Control of an amoebiasis outbreak in the Philippi area near Cape Town
The original publication is available at http://www.samj.org.za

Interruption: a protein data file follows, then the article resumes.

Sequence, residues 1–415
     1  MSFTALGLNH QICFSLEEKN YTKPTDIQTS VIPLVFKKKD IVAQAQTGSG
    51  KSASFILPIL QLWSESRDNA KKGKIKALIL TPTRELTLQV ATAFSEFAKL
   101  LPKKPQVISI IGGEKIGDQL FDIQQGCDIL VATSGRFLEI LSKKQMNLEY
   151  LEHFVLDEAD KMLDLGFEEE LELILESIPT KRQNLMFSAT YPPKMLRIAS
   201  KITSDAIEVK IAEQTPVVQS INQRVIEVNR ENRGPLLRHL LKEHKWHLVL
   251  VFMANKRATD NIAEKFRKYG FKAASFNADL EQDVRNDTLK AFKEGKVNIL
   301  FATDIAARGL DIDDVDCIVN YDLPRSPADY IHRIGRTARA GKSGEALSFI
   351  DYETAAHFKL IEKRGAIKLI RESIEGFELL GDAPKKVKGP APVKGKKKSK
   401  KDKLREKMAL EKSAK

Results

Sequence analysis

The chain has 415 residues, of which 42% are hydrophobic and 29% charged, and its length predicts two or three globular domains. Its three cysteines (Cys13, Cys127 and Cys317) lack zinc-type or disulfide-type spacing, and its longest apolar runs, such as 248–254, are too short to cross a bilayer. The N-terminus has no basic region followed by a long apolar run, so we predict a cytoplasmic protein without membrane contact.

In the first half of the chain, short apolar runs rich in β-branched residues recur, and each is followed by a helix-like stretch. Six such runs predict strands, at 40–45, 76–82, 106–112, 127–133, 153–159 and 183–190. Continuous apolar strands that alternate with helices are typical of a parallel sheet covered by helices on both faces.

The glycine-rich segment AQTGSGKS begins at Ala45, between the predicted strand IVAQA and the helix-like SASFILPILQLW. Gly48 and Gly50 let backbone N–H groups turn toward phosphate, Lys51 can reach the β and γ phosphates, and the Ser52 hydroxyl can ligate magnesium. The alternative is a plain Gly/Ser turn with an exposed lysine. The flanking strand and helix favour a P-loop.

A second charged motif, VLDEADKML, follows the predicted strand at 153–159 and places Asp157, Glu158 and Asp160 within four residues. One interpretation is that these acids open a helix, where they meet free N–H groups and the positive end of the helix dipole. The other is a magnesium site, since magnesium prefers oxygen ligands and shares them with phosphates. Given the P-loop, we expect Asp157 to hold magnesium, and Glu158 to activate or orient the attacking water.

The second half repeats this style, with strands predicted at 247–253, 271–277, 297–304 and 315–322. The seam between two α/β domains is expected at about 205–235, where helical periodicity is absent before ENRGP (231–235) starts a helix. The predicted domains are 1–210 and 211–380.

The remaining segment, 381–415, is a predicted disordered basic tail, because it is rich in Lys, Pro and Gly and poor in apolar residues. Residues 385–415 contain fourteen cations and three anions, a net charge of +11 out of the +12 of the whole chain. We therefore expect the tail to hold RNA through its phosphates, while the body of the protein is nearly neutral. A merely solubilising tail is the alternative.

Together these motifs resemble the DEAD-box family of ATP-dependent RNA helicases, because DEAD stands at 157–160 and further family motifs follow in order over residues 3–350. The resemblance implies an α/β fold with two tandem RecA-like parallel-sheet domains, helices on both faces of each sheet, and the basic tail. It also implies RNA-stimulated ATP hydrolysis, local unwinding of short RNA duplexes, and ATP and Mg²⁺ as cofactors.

Previous studies in Durban have shown that serological investigations, in combination with iso-enzyme electrophoresis, are invaluable for monitoring the endemicity of pathogenic strains of Entamoeba histolytica. We therefore proposed that antibody profiles could be used to detect epidemic situations. An outbreak of amoebiasis in the normally non-endemic Philippi area near Cape Town provided an opportunity for testing this hypothesis. Seven of 9 patients presenting at a district hospital with invasive amoebiasis originated from a single farm in Philippi. Iso-enzyme electrophoresis and serological investigations were used to monitor the endemicity of amoebiasis on 16 of the 49 farms in this district. In an attempt to contain disease transmission all inhabitants on farms from which patients came (including those where cyst-passers were identified) and all seropositive subjects were treated. The antibody profiles proved invaluable for confirming that the farm from which the hospitalised patients originated was the central focus of the outbreak, and also identified subjects infected with pathogenic zymodemes of E. histolytica on the adjacent 4 farms. On all 5 of these farms, 62,5-100% of seropositive subjects were strongly positive. In contrast weak to negative serological responses occurred on the remaining 11 farms. In addition the success of treatment was indicated by a notable drop in strong seropositive responses on the affected 5 farms to 11,5% within 9 months. The infection pathways implied that the pathogenic strain of E. histolytica was introduced into this non-endemic area by a foreigner from an endemic area; this suggests that the pathogenicity of E. histolytica is an immutable stable feature.
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